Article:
IMO a deliberate attempt to shake some volumes out of the housing market, and crash prices a bit more, because the banks want to be lending more smaller house loans at higher rates about now. Tesco generation needs a flat at about 60k, banker wants his cut, older homeowners are the disadvantaged players in this game? By talking about taxing shares at the same time it seems more equitable, more across the board, everyone getting hit, at some point in the future they will probably ease off on shares and possibly property, but if they don`t start getting the house in order now we could have a very shaky future indeed? The CGT tax "rebellion" is pointless IMO, the new government has five years, they have an agenda for change and they see to be getting on with the job?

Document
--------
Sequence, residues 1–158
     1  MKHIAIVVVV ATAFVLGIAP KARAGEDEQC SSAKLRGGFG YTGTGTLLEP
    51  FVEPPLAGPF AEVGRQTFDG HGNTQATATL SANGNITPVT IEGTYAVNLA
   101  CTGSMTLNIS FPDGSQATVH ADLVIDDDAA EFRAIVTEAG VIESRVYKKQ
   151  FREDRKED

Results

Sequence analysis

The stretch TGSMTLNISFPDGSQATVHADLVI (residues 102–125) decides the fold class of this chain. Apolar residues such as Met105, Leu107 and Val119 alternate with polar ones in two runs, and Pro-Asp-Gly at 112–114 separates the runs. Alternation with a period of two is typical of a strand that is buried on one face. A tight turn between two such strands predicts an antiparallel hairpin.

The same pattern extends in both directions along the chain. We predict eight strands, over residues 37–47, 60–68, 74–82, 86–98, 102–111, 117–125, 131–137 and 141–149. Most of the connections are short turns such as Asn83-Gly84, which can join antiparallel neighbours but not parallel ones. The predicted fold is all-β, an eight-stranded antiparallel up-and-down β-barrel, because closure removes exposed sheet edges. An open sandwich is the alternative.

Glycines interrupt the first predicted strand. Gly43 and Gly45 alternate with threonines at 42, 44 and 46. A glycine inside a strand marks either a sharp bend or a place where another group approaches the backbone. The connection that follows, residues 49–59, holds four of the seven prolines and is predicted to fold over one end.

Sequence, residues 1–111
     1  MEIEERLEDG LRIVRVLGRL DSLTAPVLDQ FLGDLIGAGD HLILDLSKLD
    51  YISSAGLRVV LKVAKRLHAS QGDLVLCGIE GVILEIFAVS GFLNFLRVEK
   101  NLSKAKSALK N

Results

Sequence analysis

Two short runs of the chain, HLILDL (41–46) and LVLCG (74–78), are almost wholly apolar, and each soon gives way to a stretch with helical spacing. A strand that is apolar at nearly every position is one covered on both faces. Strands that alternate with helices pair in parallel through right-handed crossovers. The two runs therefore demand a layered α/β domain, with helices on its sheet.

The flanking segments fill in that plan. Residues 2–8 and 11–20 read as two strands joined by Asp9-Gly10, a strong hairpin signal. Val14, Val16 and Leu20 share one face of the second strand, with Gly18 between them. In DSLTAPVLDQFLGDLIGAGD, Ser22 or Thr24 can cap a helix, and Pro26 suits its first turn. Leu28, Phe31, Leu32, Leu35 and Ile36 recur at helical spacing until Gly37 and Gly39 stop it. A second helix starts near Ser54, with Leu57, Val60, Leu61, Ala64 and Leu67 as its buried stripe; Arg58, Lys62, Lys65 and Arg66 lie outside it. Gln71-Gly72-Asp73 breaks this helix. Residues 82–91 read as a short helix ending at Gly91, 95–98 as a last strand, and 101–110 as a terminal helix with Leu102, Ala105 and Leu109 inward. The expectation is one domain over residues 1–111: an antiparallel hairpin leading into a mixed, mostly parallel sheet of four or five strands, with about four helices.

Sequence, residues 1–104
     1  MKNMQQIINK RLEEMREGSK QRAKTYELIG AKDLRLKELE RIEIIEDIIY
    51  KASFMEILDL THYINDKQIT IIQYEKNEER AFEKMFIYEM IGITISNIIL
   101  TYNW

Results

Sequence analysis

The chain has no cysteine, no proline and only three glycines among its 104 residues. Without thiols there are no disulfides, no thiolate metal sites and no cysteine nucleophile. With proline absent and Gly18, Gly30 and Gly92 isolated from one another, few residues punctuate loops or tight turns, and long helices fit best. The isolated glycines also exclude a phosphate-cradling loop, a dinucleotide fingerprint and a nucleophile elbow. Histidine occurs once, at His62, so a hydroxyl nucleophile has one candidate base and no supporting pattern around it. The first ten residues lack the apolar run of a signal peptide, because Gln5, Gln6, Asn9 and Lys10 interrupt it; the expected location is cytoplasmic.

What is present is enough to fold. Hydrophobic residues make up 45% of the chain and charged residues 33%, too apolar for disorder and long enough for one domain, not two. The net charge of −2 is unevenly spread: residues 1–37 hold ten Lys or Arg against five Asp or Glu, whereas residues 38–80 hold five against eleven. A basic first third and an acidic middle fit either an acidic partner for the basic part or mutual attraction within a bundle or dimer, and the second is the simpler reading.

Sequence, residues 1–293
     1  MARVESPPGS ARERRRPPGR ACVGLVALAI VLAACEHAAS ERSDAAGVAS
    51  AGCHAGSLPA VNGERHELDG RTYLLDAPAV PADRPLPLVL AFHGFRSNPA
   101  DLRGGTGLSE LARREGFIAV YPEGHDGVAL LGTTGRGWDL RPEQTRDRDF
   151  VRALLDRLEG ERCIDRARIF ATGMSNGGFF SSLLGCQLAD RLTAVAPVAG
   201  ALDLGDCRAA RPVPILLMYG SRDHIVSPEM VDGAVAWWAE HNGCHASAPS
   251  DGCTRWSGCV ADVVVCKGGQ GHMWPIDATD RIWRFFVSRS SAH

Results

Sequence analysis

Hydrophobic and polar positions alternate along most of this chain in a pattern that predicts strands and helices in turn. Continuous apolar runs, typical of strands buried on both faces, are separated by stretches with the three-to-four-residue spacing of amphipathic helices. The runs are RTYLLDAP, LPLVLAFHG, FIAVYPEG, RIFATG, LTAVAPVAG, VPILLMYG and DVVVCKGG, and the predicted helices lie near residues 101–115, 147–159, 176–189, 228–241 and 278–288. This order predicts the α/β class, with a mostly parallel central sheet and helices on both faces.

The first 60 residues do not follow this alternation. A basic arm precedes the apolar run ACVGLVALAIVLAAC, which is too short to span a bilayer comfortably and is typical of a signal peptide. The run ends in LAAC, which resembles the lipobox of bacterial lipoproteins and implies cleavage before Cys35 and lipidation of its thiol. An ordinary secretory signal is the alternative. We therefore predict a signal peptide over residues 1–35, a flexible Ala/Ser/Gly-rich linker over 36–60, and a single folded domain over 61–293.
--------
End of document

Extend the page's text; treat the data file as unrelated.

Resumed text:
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How about removing the principal private residence relief once the crash has already started (say 2 years in)

Dream on. Electoral suicide so it's never going to happen imo. The government can cope with the wrath of the relatively small proportionof the population with second homes, but not the 14 million or so owner occupiers.

Besides which it would totally lock up the housing market. All those on this site complaining about bed-blocking older people holding on to large family homes can kiss goodbye to any of those coming up for sale. These older people could never afford to pay the CGT liability unless they downsized to a tent, and would stay put until they croaked. It would also tstiffle job mobility for working people, since everytime they moved house, they would have to downsize.